The entire town suffers from seasonal affective disorder because there is little sunlight and the towns physician prescribes painting of the buildings in bright colors and what happens next.
As expected the predictable happens in Painted Book, Pennsylvania. Painted Book is a sleepy, once flood ravished town, that sits on the banks of the Schuylkill river. The quirky, lovable doctor, who should have retired years ago, suggests to the town that is should paint the buildings vibrant shades of color staying away from the red, white and the source of the blues.
This plan is solid on paper and it should work to perfection. Unfortunately we live in a less than perfect world. It is right after year end and few have noticed the incremental lengthening of the day. The first Saturday in January the people took to the streets with paint brushes, rollers and various creative extensions. The wind howled in from the west with occasional snow flurries and squalls. Still they painted until their arms and shoulders ached. The pubs were open, selling cheap beers and the ladies club had hot delicious soup and perogies. Esposito’s, the ye olde sandwich shop on Main donated platters of classic Pennsylvania fare.
People were in a great mood and spirits were high. The age old axiom – if you pay attention to people they will generally respond in a positive way, seemed to be in play here.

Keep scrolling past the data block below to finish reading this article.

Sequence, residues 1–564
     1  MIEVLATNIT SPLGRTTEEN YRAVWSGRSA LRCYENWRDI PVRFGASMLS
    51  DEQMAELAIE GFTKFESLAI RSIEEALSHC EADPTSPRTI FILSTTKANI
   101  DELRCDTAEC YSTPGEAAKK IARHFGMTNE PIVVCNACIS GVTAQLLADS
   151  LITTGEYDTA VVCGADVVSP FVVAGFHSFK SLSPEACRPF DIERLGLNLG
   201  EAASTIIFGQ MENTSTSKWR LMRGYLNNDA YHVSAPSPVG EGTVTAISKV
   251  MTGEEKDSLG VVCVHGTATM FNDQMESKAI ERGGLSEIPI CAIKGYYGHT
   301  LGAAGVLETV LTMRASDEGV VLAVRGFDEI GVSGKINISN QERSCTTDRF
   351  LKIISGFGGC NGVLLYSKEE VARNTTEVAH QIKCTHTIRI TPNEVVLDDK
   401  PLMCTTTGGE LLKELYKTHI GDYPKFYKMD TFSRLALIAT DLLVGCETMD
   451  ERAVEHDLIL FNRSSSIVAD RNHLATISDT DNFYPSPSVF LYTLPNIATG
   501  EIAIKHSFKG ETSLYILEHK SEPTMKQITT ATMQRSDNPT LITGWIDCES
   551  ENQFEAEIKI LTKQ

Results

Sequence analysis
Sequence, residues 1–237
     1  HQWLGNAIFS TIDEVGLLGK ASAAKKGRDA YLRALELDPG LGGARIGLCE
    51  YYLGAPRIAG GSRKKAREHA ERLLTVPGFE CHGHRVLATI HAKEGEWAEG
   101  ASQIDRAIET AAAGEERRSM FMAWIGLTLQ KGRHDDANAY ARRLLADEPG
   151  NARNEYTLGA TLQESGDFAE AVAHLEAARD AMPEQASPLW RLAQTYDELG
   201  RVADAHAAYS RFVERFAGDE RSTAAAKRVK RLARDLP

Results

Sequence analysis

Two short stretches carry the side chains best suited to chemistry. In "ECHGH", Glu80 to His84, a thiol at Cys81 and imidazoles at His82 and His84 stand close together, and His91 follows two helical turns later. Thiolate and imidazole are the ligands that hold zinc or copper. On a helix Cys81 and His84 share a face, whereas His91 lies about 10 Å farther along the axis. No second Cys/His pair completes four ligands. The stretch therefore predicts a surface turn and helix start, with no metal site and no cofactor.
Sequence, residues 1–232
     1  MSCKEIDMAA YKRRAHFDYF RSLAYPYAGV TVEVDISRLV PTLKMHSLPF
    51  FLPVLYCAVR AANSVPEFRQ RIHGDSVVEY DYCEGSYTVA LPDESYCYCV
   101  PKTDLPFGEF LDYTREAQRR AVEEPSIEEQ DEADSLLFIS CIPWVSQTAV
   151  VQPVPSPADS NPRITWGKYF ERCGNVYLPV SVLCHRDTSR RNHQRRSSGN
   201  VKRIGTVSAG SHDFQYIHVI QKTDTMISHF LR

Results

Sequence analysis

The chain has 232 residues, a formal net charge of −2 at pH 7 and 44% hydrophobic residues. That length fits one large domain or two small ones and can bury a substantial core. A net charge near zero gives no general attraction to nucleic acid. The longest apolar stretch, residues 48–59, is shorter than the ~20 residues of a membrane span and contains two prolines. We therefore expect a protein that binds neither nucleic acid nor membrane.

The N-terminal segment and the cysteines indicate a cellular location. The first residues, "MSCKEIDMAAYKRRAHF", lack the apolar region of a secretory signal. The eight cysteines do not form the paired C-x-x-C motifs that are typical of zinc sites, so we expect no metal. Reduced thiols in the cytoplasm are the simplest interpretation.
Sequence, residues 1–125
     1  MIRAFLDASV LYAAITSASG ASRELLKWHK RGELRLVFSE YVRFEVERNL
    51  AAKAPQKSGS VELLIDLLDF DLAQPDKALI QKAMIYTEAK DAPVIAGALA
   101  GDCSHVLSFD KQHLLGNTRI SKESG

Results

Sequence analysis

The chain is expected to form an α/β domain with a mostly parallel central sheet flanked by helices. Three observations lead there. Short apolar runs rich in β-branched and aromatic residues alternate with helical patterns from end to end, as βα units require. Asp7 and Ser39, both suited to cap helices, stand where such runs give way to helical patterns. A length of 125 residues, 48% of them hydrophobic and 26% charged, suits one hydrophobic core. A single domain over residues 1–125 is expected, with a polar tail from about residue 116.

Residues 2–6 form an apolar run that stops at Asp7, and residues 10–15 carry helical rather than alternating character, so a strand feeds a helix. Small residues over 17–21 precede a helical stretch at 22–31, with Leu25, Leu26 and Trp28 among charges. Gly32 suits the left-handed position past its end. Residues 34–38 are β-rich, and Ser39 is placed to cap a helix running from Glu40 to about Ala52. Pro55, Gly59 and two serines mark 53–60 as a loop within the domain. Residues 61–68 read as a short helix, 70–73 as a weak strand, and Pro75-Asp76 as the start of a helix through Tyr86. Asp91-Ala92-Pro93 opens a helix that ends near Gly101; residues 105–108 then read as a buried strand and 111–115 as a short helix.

Still down at the other end of Main a small yet rigorous group of people gathered outside the VFW. They gathered around a roaring fire set off in the parking lot a few yards off Main. Some donned large flags and predictably a few brandished firearms. I am not sure of the laws in Painted Book and therein lies the problem.
With the huge display of firearms one party holds the power in more ways than anticipated.
They didn’t like these snowflake ideas.
The bright colored buildings infringed on the right to be miserable.
They didn’t like the people of Painted Book being so united.
Here I am being judgemental
A crescent moon rose briefly in the west and snowflakes fluttered languidly in the streetlights.
It was a perfect night.